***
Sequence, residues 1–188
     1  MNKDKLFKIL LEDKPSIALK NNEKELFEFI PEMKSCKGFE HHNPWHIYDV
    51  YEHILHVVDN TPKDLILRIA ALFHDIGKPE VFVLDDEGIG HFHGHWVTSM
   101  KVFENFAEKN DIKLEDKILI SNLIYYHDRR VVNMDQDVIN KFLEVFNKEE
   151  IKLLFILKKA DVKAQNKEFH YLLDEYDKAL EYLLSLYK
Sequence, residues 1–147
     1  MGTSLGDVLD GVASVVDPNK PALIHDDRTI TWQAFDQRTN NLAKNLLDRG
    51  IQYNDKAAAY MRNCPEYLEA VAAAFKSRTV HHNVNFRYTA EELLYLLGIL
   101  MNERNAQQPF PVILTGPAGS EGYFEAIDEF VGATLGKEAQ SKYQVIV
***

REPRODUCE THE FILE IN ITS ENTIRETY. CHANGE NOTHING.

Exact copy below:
Sequence, residues 1–188
     1  MNKDKLFKIL LEDKPSIALK NNEKELFEFI PEMKSCKGFE HHNPWHIYDV
    51  YEHILHVVDN TPKDLILRIA ALFHDIGKPE VFVLDDEGIG HFHGHWVTSM
   101  KVFENFAEKN DIKLEDKILI SNLIYYHDRR VVNMDQDVIN KFLEVFNKEE
   151  IKLLFILKKA DVKAQNKEFH YLLDEYDKAL EYLLSLYK
Sequence, residues 1–147
     1  MGTSLGDVLD GVASVVDPNK PALIHDDRTI TWQAFDQRTN NLAKNLLDRG
    51  IQYNDKAAAY MRNCPEYLEA VAAAFKSRTV HHNVNFRYTA EELLYLLGIL
   101  MNERNAQQPF PVILTGPAGS EGYFEAIDEF VGATLGKEAQ SKYQVIV